Just Enough Power
by Tony Noland
Two inches of twenty year old scotch in a chipped glass. A twelve dollar cigar brought to life with a disposable plastic lighter. Aderesto "The Acrobat" Vincelli's big leather chair groaned as he leaned back. He squinted through the first clouds of gray-blue smoke at the woman in front of him. Unlike so many who had been on that hard wooden stool, she wasn't hiding utter terror with a pretense of calm. Her hands, her eyes, her neck: these told the Acrobat that she wasn't pretending. She truly wasn't scared, not of him nor of Benny's 9mm.
Which meant she was either crazy or powerful. The uncertainty was her protection for the next three minutes.
"Sounds like a load of crap to me."
She inclined her head before responding, as though he'd merely voiced an opinion instead of a death sentence.
"Oh? I'm surprised you take that position."
"Shut the fuck up. I had you scanned before you were brought in here, you know that?"
"I assumed as much."
"Then don't try to bullshit me. I know you got nothing. No weapons, either external or internal. No psi-booster circuitry, no nanotech, no artifacts of any kind. So don't tell me you're some kind of messenger assassin when you got nothing to do your killing with."
She nodded. "I see."
"Well? Is that all you got to say? Tell me why I shouldn't duct tape your face and give you to my boys for a week before I send what's left of you back to Meng-Shiu and tell him what he can do with his 'message', whatever it is."
"It's my job to deliver Mr. Tong's message. As it happens, I do have one minor native Talent."
One second later, Benny's nine was up and against her temple, pushing her head slightly to the right.
The tip of the Acrobat's cigar brightened and dimmed.
"Bullshit. The scanners would have spotted any significant concentration of native Talent organelles."
She shrugged with her eyebrows, not moving her head."Like I said, it's a very minor Talent, a rudimentary form of shielding."
Benny's finger pressed against the trigger, held taut and steady.
"Again, I call bullshit. If you had power sufficient to project a bulletproof shield, I'd know it."
"Oh, it's not bulletproof, not even close. However, it's more than strong enough for me to do my job."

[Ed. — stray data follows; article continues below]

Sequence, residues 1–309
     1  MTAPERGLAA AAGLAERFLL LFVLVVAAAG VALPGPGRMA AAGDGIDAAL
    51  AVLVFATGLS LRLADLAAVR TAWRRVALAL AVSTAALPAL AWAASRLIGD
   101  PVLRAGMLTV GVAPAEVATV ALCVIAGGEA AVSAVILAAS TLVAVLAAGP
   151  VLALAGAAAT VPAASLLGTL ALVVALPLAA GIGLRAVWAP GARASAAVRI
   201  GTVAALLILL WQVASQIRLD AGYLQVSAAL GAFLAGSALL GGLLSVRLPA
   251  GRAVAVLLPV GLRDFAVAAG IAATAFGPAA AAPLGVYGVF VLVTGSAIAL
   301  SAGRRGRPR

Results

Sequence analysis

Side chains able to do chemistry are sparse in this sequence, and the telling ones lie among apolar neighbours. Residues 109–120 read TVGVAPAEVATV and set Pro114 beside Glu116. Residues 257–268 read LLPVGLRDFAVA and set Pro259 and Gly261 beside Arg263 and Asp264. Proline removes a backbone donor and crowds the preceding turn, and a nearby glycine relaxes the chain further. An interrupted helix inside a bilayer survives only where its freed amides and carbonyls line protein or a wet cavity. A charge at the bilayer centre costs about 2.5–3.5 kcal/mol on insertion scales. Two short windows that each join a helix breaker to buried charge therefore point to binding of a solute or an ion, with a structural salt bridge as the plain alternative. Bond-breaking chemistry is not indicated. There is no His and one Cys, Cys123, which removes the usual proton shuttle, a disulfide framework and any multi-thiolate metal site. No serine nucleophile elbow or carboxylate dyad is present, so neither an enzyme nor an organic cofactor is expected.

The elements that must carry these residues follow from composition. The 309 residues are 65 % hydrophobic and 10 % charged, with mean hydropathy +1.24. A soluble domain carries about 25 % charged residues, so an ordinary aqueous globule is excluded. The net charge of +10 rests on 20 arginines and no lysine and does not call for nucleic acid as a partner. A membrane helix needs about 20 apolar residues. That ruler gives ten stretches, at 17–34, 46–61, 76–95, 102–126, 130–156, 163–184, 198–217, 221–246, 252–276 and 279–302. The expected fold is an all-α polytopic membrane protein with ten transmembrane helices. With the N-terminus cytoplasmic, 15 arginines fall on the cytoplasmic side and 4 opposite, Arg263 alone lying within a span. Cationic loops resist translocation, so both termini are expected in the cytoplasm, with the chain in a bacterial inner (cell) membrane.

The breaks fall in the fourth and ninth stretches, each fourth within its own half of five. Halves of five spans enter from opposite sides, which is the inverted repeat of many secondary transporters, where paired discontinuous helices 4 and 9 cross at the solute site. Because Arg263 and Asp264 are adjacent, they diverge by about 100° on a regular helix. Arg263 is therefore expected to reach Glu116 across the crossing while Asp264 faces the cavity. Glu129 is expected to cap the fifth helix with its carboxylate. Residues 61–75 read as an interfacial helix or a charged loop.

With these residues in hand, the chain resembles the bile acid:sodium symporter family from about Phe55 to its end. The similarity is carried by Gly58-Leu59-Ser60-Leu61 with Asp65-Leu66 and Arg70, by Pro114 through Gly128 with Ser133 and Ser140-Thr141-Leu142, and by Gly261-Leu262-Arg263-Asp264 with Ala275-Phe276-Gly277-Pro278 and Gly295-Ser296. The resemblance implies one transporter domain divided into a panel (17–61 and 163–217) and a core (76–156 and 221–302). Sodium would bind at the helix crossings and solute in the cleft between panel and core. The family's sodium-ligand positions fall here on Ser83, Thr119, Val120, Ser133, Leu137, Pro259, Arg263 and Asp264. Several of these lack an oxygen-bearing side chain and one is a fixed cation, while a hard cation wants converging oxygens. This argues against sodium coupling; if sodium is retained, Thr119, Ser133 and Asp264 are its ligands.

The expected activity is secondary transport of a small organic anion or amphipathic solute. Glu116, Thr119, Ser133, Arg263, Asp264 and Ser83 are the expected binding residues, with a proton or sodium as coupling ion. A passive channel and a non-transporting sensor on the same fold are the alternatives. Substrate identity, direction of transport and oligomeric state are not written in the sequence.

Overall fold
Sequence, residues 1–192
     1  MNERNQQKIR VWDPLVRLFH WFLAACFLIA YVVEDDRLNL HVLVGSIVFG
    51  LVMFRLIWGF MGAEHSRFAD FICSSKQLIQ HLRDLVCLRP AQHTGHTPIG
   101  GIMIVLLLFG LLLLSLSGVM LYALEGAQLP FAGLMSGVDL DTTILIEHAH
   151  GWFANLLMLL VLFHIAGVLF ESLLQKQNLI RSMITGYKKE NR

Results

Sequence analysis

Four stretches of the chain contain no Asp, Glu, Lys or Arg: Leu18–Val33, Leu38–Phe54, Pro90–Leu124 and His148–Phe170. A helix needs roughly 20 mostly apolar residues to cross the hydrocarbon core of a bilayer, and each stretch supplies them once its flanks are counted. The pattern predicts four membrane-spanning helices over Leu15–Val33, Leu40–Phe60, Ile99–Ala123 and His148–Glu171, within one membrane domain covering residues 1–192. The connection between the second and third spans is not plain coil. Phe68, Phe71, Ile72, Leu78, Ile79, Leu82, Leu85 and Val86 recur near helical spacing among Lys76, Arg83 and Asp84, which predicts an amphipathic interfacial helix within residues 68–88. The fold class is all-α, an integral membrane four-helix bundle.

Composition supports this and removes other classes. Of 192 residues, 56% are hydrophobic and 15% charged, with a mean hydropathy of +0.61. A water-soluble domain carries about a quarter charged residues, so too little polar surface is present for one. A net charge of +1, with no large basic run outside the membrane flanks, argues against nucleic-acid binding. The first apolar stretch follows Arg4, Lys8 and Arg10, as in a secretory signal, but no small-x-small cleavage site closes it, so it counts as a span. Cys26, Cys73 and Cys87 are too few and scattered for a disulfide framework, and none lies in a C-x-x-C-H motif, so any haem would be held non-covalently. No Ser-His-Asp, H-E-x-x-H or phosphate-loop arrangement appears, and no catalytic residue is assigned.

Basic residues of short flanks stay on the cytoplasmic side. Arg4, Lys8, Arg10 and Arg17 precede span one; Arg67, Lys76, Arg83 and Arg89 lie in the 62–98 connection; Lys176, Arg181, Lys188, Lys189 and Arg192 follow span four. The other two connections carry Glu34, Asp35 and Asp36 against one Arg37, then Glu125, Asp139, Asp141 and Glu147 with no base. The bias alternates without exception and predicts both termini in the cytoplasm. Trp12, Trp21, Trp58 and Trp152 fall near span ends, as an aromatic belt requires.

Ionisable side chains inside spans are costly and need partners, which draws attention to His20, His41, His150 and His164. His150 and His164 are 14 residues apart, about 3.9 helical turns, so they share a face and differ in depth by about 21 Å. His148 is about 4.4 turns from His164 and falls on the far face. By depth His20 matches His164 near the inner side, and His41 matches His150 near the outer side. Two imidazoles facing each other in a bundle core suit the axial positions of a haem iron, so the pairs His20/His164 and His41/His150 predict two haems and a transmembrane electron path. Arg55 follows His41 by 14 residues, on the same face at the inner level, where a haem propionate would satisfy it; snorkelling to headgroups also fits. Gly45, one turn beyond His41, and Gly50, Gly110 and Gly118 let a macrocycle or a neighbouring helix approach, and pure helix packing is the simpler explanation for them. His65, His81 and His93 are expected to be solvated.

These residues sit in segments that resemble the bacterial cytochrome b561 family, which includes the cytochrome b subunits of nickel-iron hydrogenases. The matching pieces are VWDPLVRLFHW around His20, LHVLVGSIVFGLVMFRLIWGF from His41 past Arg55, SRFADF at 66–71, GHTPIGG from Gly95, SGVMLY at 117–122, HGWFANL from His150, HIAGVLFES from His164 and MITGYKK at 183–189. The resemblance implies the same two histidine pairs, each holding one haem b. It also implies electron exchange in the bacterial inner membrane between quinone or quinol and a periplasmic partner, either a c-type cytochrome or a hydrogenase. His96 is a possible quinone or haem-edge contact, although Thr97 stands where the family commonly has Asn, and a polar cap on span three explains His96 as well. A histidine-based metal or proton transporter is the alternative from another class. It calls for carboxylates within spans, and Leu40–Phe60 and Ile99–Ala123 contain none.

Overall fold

The Acrobat's eyes flicked and Benny pulled the trigger. The guide rod shot forward on its spring and the firing pin struck, coming within one sixty-fourth of an inch of the round in the chamber. The impact made an echoing musical note, like that of a small bell rung at the bottom of a lake. The thug drew back his arm to smash the useless pistol across the bridge of her nose. His own momentum carried him backwards as the nerve impulses at the base of his brain met a barrier they could not cross. He hit the floor, twitching.
The woman stood gracefully, taking a moment to watch Benny's eyes widen and weep as his heart and lungs lost their coordination. To her side, the soft ringing echoed as the Acrobat pulled the trigger of the .38 revolver he'd yanked from his desk drawer. He threw the gun at her and missed. Ducking down, he stabbed again and again at the red alarm button under his desk, but the contacts would not close, the signals would not travel down the wires.
She stepped over Benny's twitching soon-to-be-corpse and came around the desk. The Acrobat had stopped moving. His head flopped over as he looked up at her.
"You're a healthy man, Mr. Vincelli. Even after I've finished paralyzing you from the waist down, in all likelihood you'll live another ten or fifteen years. Of course, you won't be aware of them. I'm also going to pinch off the blood supply to some of the more important centers of your brain. In a few minutes, you won't be able to process language, recognize faces or build long-term memories anymore. All of this will be accomplished with a single stroke, if you'll forgive the pun." She smiled.
Around a mouthful of drool, the Acrobat mumbled, "... kill me... instead..."
"I'm afraid I can't do that. Mr. Tong's instructions were quite specific about the message I'm to send."
Intelligence fading, his eyes formed the last question he would ever have the capacity to ask.
"Oh, the message isn't for you. It's for Mr. Tong's other competitors, the ones of actual significance. You are the message, one they'll be able to contemplate for a good long time. Goodbye, Mr. Vincelli."